In this work, we use an alternative vibrational imaging method, coherent anti-Stokes Raman scattering (CARS) microscopy, for registering the distribution of molecular agents in human hair. CARS microscopy is a nondestructive optical imaging technique that enables high-resolution three-dimensional imaging at real-time image acquisition rates.13,14 We show that the CARS approach provides a direct means of quantitatively probing the distribution and concentration of nonfluorsscent compounds in the hair.

Nonlinear vibrational imaging, which includes CARS microscopy and stimulated Raman scattering microscopy,15 has been successfully applied to a wide variety of biomedical imaging problems, including applications in neurological16 and cardiovascular disease.17 In many tissue imaging studies, it is often sufficient to qualitatively identify particular compounds and structures based on visual inspection of the vibrational images. Quantitative mapping of the molecular concentration is challenging because of tissue scattering, which directly affects the collected signal intensity and thus complicates a quantitative analysis. Scattering is particularly relevant to optical imaging of hair fibers, given that the refractive index of hair fibers is typically much higher than that of the surrounding medium. A direct analysis is furthermore compromised because scattering is not uniform across the radius of cylindrical hair fibers. In addition, in CARS, the signal depends in a nonlinear fashion on the concentration of the Raman scatterers.

In this paper, we use a simple ratiometric procedure to retrieve quantitative information from CARS images. This procedure is used to generate concentration maps of two molecular agents, water and deuterated (d-)glycine, that are externally applied to the hair. The ability to record water concentration maps in the hair is of significant interest because how the hair responds to different levels of hydration (i.e., under different humidity conditions) impacts many cosmetic properties, such as frizz and style retention.18 It is also present in hair at relatively high levels (10–30% of the hair’s weight). Glycine was chosen as the second molecular agent to study using this technique because the concentration in hair is much lower than water and would demonstrate the ability of the technique to measure the penetration of cosmetic actives into hair. Glycine is of relevance to the cosmetics industry due to its reported role as a radical scavenger in a new oxidant system developed for hair-coloring products.19 Knowledge of the actual distribution of glycine in the hair is important for better assessing the chemistry during the coloring process.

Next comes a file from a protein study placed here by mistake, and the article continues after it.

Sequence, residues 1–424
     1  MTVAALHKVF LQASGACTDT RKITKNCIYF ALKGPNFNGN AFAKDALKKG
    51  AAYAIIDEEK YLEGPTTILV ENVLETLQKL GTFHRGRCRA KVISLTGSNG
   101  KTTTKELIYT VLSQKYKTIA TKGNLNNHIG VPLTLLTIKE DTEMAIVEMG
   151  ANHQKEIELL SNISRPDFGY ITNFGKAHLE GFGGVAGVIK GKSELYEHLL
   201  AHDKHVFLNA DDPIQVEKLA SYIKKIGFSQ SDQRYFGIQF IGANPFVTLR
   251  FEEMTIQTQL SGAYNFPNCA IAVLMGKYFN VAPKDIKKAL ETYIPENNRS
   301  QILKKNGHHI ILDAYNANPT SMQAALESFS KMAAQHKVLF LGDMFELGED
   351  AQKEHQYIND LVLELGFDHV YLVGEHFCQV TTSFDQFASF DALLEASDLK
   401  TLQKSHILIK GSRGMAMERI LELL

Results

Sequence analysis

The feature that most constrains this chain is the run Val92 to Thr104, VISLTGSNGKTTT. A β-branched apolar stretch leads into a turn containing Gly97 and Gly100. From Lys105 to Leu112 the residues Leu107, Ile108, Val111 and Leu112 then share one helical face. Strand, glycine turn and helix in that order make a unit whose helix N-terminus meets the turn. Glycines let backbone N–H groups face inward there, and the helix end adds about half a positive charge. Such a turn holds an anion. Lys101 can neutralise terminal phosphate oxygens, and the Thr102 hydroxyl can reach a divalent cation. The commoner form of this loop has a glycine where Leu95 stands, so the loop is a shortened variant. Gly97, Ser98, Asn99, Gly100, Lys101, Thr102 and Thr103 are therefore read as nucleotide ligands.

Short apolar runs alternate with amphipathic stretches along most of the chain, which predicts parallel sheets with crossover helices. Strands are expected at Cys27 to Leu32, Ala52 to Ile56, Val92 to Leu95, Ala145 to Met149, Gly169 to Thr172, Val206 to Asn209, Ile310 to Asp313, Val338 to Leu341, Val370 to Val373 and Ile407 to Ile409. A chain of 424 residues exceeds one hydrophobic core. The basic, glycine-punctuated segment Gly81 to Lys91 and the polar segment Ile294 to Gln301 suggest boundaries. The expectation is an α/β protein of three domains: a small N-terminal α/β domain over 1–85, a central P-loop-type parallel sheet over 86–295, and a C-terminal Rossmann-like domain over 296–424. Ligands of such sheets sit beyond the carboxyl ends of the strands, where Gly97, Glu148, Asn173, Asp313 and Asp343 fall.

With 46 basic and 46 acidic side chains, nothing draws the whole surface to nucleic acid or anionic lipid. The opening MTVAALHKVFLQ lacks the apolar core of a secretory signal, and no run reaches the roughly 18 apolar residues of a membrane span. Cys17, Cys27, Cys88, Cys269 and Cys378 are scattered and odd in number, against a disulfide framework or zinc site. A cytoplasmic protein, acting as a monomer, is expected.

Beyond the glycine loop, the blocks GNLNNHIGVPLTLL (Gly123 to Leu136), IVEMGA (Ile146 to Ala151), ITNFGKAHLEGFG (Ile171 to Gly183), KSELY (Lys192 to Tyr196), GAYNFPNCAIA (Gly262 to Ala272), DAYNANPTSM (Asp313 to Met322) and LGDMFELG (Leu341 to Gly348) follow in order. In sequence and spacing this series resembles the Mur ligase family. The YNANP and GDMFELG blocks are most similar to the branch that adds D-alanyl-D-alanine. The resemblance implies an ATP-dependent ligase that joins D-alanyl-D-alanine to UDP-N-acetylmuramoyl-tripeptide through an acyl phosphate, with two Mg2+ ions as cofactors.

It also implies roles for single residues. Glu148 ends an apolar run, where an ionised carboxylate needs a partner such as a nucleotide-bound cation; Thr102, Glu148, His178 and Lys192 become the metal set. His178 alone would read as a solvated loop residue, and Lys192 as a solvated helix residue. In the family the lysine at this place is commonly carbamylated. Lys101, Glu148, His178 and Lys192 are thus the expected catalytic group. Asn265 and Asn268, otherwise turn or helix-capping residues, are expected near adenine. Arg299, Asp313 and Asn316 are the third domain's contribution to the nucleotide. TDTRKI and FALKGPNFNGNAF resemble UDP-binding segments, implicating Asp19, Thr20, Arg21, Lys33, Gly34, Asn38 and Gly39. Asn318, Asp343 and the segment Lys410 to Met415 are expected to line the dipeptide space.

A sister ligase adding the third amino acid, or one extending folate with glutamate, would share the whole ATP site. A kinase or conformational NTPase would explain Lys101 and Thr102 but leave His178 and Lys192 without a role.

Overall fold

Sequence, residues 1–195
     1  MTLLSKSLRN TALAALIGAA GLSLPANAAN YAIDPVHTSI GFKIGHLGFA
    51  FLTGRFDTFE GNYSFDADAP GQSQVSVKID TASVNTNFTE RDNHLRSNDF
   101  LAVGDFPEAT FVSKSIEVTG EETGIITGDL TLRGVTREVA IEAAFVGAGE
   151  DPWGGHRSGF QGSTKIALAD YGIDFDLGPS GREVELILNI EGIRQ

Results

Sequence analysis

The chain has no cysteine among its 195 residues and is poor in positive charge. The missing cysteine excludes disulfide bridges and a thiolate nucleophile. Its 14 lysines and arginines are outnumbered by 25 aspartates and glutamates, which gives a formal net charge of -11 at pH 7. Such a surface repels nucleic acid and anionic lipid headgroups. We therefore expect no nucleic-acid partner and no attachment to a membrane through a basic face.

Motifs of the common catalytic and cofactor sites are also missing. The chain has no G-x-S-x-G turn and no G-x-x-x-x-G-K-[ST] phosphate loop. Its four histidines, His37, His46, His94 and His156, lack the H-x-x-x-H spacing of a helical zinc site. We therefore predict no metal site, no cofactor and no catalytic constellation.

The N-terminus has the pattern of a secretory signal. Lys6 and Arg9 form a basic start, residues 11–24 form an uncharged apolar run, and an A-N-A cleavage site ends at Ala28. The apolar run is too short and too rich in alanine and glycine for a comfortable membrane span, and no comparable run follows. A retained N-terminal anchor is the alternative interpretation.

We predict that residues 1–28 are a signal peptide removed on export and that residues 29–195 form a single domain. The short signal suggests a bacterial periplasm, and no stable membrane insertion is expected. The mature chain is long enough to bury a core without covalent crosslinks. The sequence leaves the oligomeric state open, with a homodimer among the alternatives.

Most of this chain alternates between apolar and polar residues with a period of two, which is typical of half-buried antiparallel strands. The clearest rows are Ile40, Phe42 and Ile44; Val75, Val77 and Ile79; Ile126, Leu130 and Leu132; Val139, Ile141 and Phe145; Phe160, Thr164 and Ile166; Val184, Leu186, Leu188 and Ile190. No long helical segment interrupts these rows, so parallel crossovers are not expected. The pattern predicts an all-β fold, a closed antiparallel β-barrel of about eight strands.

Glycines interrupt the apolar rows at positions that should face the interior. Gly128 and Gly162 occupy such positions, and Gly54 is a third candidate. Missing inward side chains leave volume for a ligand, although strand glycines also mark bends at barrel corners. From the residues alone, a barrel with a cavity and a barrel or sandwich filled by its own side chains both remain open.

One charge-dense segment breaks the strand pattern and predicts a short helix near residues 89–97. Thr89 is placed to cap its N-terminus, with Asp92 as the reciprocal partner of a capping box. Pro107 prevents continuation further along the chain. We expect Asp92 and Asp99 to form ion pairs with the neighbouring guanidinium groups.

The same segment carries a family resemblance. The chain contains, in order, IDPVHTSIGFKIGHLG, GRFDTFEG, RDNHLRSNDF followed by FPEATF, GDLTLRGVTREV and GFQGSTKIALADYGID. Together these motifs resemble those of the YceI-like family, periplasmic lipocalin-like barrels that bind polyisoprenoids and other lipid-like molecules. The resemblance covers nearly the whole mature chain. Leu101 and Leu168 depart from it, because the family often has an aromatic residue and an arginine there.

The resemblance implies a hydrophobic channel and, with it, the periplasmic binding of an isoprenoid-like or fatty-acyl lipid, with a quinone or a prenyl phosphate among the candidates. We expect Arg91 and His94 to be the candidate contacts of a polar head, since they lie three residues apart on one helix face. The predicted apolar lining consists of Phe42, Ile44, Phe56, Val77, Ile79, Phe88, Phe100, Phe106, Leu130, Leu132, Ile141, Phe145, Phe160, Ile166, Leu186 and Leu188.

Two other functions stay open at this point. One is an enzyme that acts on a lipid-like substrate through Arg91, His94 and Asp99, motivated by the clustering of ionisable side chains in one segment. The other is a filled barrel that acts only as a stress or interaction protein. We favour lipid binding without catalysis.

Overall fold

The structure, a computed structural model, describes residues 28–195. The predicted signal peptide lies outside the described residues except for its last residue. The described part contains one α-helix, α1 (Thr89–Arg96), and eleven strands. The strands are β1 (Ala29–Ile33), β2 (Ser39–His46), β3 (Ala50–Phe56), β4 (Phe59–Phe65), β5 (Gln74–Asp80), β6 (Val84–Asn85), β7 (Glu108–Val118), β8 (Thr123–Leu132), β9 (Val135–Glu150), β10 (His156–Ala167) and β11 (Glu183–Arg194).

We demonstrate that CARS microscopy enables the quantitative detection of both water and deuterated glycine, a weak Raman scatterer, in intact human hair fibers. The technique has also demonstrated the ability to monitor the dynamic uptake of water into hair enabling new insights into the kinetics of diffusion.

2 Materials and Methods

2.1 Materials

Caucasian untreated natural white hair, obtained from a commercial source (International Hair Importers, New York), was formed into swatches (16 cm, 1.5 g). White hair was chosen to avoid putative photodamage induced by linear absorption of the laser light by melanin. The hair was cut into ~1-cm segments and mounted on a glass coverslip using double-sided adhesive sheets (Grace Biolab). Because glass has no resonances in the spectral region of interest, a small coverslip (~170 μm thick) was placed next to the hair to serve as an internal calibration for normalizing the CARS signal. D2O and d-glycine (d5) were obtained from Sigma-Aldrich. In this study, d-glycine is used as a model for glycine because of the enhanced CARS contrast of provided by the deuterium label.

In the d-glycine uptake experiments, the hair was immersed for at least 4 h in an aqueous solution of 3.3 M d-glycine and 0.52 M ammonium carbonate, adjusted to pH 9.0 for efficient uptake into the hair.19 The hair was kept in the solution during the imaging experiments.

2.2 Imaging